These examples underline the ambivalence concerning the role of metalloproteinases in processes leading to tumor development and increase the complexity of considering ADAMs as therapeutic targets.
Altogether, our results highlight the crucial importance of ADAM28 expressed by the stromal compartment in the control of cancer dissemination and demonstrate that ADAM28 deficiency decreases CD8+ T cell numbers. These findings strongly advocate considering ADAM28 as an anti-target protease and raise the question whether ADAM28 expression should be used as a prognostic factor for cancer patients.
MATERIALS AND METHODS
Luciferase-expressing mouse Lewis Lung Carcinoma (LLC) and mouse 4T1 breast cancer cells were purchased from Caliper Life Sciences (Hertogenbosch, Netherlands) and American Type Culture Collection (Molsheim, France), respectively. Murine melanoma B16K1 cells were used as previously described . Cells were cultured in Dulbecco’s modified Eagle’s medium (DMEM, Gibco, Thermo Fisher Scientific, Merelbeke, Belgium) supplemented with 10% fetal bovine serum (FBS), penicillin-streptomycin (100 U/ml–100 μg/ml) and L-glutamine (2 mmol/l) and maintained at 37°C under 5% CO2 atmosphere and 95% humidity. Cells were authenticated by Leibniz-Institute DSMZ GmbH. Experiments were performed until maximum 10 cell passages after authentication. Conditioned media were obtained as described previously . Briefly, cells were starved with serum-free DMEM and after 1 hour the medium was replaced with fresh serum-free DMEM. The conditioned medium was collected after 48 hours, centrifuged at 1200 rpm for 10 minutes and aliquots were stored at -80°C until use.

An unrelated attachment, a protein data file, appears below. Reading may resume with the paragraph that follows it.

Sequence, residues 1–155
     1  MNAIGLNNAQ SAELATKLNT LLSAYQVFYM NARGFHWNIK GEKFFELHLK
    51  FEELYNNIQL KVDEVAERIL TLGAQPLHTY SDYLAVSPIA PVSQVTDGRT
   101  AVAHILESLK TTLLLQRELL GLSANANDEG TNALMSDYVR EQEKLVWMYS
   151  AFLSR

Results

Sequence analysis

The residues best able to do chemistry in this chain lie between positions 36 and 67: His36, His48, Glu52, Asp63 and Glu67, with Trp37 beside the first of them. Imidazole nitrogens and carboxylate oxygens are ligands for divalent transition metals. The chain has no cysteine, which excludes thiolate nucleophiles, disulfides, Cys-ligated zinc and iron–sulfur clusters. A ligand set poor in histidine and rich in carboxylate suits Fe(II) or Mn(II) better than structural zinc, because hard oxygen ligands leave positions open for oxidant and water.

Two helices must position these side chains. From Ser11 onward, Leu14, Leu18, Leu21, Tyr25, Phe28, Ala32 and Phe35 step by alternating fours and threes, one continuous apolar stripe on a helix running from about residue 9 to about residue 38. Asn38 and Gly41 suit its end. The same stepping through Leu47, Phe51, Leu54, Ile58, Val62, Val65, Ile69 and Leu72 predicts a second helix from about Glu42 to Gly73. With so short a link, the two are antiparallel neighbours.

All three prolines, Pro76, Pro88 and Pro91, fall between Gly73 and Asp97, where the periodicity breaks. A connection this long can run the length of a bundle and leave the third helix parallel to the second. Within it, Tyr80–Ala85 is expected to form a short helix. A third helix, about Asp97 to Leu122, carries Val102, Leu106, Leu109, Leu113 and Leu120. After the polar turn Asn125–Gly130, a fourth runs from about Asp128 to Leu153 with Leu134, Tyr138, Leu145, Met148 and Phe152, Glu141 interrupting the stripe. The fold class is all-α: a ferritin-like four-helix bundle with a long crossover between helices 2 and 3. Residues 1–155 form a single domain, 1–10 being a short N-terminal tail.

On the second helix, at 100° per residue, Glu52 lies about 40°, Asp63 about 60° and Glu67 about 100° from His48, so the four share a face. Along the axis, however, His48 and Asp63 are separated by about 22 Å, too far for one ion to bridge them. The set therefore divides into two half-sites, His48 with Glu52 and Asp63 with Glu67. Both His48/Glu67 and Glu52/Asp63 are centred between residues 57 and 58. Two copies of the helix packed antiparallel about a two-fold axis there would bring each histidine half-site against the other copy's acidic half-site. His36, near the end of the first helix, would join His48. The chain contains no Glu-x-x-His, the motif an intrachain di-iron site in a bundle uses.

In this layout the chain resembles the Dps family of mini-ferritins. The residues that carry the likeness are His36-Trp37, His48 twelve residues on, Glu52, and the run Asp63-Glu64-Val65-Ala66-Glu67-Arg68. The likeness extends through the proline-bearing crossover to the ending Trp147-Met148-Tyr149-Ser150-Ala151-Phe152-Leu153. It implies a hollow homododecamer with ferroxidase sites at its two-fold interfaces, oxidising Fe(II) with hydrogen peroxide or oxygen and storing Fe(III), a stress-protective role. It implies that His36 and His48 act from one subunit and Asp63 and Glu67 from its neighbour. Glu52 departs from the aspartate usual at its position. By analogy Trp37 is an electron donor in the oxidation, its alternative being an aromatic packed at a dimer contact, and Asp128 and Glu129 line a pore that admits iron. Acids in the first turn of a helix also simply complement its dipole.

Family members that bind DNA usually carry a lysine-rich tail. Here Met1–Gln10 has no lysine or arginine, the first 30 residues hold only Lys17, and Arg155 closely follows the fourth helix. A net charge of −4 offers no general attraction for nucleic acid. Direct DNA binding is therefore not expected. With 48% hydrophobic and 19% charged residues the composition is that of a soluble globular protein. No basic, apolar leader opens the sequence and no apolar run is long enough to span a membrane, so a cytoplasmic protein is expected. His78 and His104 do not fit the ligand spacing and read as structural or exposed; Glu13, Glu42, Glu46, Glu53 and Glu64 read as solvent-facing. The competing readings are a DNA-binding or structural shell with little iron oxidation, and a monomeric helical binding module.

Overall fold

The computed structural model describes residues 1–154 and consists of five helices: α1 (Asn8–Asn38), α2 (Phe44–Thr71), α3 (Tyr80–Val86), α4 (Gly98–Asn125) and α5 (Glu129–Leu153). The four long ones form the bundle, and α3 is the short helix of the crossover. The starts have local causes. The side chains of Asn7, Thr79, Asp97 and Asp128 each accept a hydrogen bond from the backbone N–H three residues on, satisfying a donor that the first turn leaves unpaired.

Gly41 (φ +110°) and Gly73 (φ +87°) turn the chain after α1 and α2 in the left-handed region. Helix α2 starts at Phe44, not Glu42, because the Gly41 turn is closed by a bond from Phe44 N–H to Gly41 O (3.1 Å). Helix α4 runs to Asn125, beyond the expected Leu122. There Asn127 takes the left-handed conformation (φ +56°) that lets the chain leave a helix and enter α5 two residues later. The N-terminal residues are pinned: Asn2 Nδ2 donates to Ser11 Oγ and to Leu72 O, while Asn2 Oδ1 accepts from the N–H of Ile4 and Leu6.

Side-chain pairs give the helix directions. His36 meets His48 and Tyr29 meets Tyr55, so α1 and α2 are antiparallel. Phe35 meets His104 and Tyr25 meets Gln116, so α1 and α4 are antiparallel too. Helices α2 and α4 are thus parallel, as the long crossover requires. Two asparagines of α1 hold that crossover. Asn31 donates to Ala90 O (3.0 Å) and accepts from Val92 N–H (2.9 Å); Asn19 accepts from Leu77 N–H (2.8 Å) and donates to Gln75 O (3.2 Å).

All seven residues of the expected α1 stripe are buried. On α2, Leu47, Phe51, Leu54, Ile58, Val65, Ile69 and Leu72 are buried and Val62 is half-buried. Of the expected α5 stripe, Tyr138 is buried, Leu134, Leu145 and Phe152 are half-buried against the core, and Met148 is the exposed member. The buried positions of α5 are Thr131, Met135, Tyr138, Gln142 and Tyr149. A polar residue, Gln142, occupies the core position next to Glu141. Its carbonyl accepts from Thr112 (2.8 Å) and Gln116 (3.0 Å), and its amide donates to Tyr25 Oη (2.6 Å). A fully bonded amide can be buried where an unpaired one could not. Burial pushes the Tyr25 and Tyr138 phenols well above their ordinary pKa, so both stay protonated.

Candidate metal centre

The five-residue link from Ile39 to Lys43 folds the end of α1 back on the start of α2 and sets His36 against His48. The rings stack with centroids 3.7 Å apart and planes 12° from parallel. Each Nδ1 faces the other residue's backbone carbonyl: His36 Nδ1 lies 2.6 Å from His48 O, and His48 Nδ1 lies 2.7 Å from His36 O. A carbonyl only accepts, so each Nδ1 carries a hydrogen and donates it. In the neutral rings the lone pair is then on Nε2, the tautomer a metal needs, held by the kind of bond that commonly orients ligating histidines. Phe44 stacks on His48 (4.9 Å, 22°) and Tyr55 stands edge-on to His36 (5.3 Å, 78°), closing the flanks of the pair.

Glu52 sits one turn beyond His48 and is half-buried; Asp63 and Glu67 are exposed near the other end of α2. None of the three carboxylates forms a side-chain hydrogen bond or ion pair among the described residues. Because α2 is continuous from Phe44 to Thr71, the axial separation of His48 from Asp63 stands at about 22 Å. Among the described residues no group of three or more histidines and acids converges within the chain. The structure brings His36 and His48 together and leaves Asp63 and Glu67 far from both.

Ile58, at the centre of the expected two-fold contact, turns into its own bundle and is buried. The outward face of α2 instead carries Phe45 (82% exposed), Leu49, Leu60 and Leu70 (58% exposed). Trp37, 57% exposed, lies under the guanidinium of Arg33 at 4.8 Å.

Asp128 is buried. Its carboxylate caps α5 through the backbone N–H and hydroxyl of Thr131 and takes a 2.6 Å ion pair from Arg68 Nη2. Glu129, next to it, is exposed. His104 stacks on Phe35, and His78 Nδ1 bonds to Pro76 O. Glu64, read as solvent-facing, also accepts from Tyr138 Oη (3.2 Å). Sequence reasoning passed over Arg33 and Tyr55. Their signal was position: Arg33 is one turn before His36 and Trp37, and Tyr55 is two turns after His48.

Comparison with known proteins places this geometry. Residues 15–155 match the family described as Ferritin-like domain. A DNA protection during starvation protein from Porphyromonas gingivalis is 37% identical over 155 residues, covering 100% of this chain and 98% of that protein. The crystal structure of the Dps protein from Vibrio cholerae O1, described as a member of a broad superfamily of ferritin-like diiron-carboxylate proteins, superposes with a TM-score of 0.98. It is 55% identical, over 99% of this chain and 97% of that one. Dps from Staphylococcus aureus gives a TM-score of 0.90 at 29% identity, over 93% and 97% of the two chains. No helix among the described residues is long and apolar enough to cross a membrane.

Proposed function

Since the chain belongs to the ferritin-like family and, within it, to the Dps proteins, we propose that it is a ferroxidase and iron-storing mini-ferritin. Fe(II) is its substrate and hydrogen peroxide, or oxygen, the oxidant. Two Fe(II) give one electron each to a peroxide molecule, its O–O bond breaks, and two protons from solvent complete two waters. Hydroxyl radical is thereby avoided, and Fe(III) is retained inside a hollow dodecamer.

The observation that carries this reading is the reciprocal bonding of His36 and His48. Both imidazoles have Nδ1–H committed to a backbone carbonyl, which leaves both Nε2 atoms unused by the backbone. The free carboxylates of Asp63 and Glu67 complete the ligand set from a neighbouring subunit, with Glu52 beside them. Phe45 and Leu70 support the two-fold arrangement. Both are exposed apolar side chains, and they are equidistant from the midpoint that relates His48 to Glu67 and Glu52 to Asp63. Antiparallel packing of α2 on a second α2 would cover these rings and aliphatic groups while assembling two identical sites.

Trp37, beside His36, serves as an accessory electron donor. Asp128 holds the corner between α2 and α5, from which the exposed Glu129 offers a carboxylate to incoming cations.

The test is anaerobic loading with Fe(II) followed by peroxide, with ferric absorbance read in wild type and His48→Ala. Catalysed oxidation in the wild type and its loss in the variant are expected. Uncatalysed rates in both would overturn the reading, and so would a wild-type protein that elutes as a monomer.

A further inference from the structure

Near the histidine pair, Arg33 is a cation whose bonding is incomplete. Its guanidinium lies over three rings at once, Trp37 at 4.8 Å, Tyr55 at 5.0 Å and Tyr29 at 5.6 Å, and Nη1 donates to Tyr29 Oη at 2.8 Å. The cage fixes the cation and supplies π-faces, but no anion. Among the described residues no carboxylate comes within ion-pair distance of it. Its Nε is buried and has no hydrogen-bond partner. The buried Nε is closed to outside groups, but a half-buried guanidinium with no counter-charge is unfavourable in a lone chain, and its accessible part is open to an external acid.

Animals were housed in the animal facility of the University of Liege (Belgium) with respect to the Animal Ethical Committee rules. All animal experiments were approved under the references #1376, #1597, #1945 by the Animal Ethical Committee of the University of Liege in accordance with the institution guidelines for animal care.
Generation of conditional ADAM28 knockout mice using the Cre-Lox recombination technology
To design a conditional knockout construct for ADAM28, mouse BAC DNA was purchased from Source Bioscience Lifescience and transfected into Rec+ bacteria (SW102). The targeting vector was designed by inserting loxP sites into introns around the exon 2, which will be removed after recombination by a deleter-Cre recombinase, leading to a reading frame shift and, consequently, to the appearance of an early stop codon in the exon 3 and an incomplete shorter protein.